Le Français n’est-il pas une belle langue?
Of course it is! If you’re a polyglot, linguist, or just a fan of picking up spare languages for funsies, you know that French is easily the most beautifully subtle of the Romance languages. If you can’t speak the language conversationally, at least, you might consider learning French! It’s a wonderful way to acclimatize yourself to a new culture, and hey—who doesn’t find a bilinguist more interesting?
If you’re a fan of linguistics, though, you also know how frequently beautiful, meaningful and impactful phrases from one language have no direct correlation in another language! With that in mind, we’ve scraped together a list of six wonderful French phrases that we need to adapt en Anglais. A great little boost if you’re finding it hard to allocate time for your Rosetta stone subscription.
Our List of French Phrases
Often translated literally as “staircase wit,” l’ésprit d’escalier is a scenario in which you think of the absolute perfect comeback or retort long after your battle of wits has concluded. We’ve all been there! French philosopher Denis Diderot coined the phrase upon realizing that making egress from an argument was the only way that he could think of a suitable retort.
La douleur exquise
An experience that most of us have surely felt, translated as “the exquisite pain”—the longing of unrequited love! The heartache of wanting somebody that does not want you back is perfectly encapsulated with this phrase, and it only makes sense that the French would think it up.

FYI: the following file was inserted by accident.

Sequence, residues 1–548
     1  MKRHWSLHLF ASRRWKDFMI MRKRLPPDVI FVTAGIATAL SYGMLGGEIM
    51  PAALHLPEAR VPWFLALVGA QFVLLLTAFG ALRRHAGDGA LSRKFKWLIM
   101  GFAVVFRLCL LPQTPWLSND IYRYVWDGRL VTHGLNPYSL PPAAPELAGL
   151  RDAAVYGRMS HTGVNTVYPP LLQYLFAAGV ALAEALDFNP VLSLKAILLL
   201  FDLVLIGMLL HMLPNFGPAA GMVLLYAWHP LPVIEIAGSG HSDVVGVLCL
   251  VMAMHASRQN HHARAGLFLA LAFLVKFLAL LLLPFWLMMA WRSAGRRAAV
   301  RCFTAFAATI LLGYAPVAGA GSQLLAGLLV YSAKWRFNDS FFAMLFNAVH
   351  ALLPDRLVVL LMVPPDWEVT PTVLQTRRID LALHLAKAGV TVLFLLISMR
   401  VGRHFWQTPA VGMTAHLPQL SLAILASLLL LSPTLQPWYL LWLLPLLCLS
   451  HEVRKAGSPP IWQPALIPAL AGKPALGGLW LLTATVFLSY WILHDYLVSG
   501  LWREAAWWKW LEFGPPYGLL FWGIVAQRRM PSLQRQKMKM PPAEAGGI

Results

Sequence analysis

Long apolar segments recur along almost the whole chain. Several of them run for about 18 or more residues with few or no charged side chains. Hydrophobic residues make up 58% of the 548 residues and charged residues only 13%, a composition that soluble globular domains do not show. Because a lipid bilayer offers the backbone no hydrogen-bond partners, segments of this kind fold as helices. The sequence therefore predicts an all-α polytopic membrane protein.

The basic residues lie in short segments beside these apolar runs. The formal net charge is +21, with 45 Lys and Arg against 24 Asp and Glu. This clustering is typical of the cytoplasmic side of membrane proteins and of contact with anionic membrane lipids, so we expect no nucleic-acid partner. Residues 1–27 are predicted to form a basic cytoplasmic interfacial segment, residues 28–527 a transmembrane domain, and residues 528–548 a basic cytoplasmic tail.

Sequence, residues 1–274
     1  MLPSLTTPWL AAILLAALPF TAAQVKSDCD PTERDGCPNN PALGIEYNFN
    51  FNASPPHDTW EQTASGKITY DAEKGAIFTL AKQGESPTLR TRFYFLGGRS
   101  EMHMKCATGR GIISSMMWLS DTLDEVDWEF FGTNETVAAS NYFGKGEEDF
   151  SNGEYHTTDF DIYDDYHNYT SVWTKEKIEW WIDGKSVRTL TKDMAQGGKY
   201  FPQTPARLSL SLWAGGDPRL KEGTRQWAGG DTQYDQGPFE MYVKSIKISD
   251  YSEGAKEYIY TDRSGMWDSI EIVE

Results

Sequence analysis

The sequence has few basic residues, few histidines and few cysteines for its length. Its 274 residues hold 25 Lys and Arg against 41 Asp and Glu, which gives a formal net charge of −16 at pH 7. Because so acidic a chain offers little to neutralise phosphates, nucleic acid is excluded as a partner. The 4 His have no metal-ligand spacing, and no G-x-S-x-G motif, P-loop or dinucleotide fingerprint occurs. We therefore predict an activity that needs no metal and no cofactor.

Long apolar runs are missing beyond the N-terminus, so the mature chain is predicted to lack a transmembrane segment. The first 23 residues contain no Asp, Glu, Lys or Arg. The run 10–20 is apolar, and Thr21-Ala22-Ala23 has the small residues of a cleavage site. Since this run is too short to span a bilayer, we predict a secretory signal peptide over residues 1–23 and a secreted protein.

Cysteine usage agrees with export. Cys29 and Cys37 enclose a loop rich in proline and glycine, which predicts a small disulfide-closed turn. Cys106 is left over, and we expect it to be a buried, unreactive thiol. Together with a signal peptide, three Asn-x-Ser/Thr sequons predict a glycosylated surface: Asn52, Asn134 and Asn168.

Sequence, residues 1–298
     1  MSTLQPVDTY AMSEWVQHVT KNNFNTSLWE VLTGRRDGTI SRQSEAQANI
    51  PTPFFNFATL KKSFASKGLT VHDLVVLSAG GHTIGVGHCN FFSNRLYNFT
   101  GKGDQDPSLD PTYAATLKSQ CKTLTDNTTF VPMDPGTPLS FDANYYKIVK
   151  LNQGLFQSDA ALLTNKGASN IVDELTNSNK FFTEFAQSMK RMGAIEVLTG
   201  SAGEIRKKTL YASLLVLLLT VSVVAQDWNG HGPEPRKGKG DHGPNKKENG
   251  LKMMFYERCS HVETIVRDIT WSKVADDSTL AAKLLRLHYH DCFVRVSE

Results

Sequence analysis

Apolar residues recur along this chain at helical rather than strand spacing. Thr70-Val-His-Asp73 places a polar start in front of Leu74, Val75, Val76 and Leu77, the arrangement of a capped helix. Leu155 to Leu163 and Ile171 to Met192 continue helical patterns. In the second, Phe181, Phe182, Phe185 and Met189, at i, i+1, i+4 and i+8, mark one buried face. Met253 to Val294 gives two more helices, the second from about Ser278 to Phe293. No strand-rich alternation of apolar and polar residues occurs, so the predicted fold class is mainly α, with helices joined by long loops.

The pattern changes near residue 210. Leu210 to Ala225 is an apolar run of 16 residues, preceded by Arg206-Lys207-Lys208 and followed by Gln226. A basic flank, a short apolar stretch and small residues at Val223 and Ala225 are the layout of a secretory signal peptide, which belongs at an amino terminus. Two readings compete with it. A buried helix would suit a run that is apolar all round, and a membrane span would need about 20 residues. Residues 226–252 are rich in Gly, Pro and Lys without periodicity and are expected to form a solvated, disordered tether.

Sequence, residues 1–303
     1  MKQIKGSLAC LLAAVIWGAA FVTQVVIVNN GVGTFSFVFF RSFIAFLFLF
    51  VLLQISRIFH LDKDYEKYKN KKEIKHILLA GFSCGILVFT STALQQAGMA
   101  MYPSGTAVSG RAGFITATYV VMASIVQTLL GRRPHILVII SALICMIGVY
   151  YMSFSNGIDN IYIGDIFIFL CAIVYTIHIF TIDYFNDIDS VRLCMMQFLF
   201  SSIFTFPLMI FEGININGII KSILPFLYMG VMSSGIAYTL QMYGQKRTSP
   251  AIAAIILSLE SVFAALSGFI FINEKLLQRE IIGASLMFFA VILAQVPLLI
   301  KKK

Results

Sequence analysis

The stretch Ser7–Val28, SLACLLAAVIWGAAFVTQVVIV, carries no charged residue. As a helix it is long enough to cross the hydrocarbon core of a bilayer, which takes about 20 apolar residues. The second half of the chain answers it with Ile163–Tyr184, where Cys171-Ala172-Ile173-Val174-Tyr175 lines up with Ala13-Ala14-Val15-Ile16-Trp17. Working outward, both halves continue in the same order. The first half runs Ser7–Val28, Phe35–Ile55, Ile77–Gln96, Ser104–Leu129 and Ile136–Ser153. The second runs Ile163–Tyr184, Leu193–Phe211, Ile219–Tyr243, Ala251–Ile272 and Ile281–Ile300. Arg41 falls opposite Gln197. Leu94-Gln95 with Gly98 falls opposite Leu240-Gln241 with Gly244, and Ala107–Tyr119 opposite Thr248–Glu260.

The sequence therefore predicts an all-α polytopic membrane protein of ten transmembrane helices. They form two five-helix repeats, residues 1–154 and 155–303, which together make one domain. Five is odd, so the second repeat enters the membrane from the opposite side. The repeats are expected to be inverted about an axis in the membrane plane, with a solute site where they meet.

An intensely French sentiment, to “flâner” is to wander the streets of a city—or, more specifically, Paris—without a destination or goal in mind; wandering simply to take in and enjoy the city. One who engages in such an activity is known as a flâneur—and as pretentious as it might sound, we certainly won’t advise against taking an aimless stroll through the streets of Paris!
L’appel du vide
Translated literally as “the call of the void,” l’appel du vide is a distinctly macabre impulse that many of us have felt at least once: the sudden, inexplicable desire to leap from a very great height, perhaps when staring out over the edge of a cliff, or standing on top of a very tall building. Unlike those who flâner, we will have to discourage you from jumping off of a cliff any time soon!
To cartonner is to converse about a piece of media—such as a film, television show, book or song—that has achieved great success, as in “le film cartonne aux états-unis.” Translated literally, cartonner means “to wrap in cardboard.”
We’ve saved the best for last! This peculiar phrase has no direct translation in English, but can best be described as, “I’ve had it up to here with…” when expressed as: j’en ai ras le bol de…
Ras-le-bol is a sense of annoyance, frustration and exasperation. It can also be used to describe a feeling of despair—a notion that we can all certainly empathize with, even if we can’t directly translate the words!
Well, that’s all she wrote! Six fantastic French phrases guaranteed to delight. We’re sure you agree that each of these should have more direct translations in English, but regardless, you can now begin slipping these gems into your day-to-day vernacular, on us!
And if you enjoy speaking such a beautiful language now and again, consider learning French! It’s a wonderful language, full of delightful euphemisms and expressions, and even if your pronunciation isn’t perfect, if you can have a full-blown conversation with a native Parisian the next time you visit France, you’ll be sure to impress!